The God of Small Things – Review
Title: The God of Small Things
Author: Arundhati Roy
Genre: Contemporary fiction
Themes: Love, sexuality, death, religion, politics, communism, family obligation,
the caste system and western infiltration into Indian culture…
Accolades: The Man Booker Prize winner in 1997
I wanted to start my blog by sharing not only my favourite books but also those that have left a lasting impression on me. The God of Small Things by Arundhati Roy falls into both categories. It is a carefully crafted and intricate novel that I first read for my A-Level English Literature class over a decade ago and, although I didn’t realise it at the time, it seeped into my soul in a way that no other book ever has.
The God of Small Things is an exceptional psychoanalytical novel that explores the lives of Indian dizygotic twins Rahel and Estha. The twins experience a sequence of traumatic childhood events, which inevitably have a huge impact upon them as they grow up. The novel interweaves different time strands, working like a sequence of memories, to piece together what actually happened to them.
“They would grow up grappling with ways of living with what happened. They would try to tell themselves that in terms of geological time it was an insignificant event. Just a blink of the Earth Woman’s eye.”
The novel begins with adult Rahel returning to her childhood home in Ayemenem, India, which has been neglected over the years and childhood memories reawaken. Seamlessly the story shifts from Rahel’s adult perspective back in time to her being a child. I love the parts of the novel written from young Rahel’s perspective as you see life, including unpleasant events such as a funeral, presented through the eyes and understanding of a child. There are some very hard-hitting moments in the book and definitely some very raw elements. There are also contrasting moments full of humour, love and wonderful children’s questions.
“If you’re happy in a dream, does that count?”
The book has a lot of characters beyond the core family. There are characters that you love and others that are truly repulsive. The God of Small Things portrays a variety of complex relationships and characters cross a lot of different lines. The motifs in the novel are beautifully written and one of the most important questions echoes throughout the novel:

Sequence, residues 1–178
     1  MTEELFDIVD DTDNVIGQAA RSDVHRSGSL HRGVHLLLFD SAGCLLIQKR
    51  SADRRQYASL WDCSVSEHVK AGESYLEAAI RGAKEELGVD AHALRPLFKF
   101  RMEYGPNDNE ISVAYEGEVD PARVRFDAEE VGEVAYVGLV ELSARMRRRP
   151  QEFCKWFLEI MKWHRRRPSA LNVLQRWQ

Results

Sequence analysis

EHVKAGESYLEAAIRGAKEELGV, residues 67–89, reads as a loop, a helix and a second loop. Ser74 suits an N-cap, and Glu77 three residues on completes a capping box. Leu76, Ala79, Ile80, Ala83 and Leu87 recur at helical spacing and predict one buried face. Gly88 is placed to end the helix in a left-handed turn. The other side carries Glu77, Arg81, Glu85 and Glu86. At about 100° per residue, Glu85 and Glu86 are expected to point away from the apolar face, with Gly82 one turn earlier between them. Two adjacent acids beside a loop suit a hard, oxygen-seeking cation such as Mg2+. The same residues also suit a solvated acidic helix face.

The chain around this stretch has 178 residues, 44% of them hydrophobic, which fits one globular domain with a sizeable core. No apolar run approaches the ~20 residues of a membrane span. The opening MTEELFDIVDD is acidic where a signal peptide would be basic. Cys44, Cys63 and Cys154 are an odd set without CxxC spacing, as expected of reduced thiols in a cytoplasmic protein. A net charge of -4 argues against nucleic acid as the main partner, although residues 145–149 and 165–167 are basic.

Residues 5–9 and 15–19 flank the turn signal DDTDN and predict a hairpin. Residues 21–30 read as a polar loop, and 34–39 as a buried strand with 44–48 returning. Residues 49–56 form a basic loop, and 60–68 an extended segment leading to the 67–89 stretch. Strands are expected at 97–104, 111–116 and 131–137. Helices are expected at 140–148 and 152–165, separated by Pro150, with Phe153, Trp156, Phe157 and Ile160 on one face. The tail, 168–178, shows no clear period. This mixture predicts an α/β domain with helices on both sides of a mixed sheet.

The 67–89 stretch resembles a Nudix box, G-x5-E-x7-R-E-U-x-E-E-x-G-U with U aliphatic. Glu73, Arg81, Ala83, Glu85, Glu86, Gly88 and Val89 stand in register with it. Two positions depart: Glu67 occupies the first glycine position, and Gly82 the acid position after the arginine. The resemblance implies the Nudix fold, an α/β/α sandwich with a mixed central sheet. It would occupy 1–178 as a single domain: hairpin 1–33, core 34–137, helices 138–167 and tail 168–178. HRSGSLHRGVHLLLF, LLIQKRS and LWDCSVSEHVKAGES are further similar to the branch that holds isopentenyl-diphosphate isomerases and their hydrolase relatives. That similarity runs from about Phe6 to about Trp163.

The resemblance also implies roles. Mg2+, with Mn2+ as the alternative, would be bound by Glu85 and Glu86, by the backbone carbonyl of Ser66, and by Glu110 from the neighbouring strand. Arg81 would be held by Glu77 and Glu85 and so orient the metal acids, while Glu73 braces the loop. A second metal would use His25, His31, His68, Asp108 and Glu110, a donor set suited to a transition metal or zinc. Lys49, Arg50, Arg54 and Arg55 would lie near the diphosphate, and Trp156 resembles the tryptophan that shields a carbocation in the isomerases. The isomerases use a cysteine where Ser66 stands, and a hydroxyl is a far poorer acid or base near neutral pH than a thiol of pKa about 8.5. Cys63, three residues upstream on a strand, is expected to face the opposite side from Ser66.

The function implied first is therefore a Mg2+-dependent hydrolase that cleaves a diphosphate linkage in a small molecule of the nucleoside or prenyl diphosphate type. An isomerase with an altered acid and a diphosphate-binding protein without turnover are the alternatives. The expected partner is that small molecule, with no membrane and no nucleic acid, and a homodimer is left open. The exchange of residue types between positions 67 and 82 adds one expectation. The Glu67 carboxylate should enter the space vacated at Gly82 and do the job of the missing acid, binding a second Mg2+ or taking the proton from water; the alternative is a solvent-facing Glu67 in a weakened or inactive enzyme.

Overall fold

“… who should be loved. And how. And how much.”
Arundhati Roy has a very strong authorial voice, the novel is complex, well paced and extremely well written. The vivid imagery Roy uses throughout is second-to-none and after years I can still quote whole sections of the book because it is so potent. The God of Small things is not what I could class as an ‘easy read’ and does require more focus than the usual speculative fiction novel. If you like contemporary fiction, books with a socio-political commentary or are looking for a diverse read from a BAME author then I do not hesitate in recommending The God of Small Things. It is an amazing novel and I hope that you will share your thoughts with me if you decide to pick it up!
– Delly x
“…the secret of the Great Stories is that they have no secrets. The Great Stories are the ones you have heard and want to hear again. The ones you can enter anywhere and inhabit comfortably. They don’t deceive you with thrills and trick endings. They don’t surprise you with the unforeseen. They are as familiar as the house you live in. Or the smell of your lover’s skin. You know how they end, yet you listen as though you don’t. In the way that although you know that one day you will die, you live as though you won’t. In the Great Stories you know who lives, who dies, who finds love, who doesn’t. And yet you want to know again.
That is their mystery and their magic.” – Arundhati Roy, The God of Small Things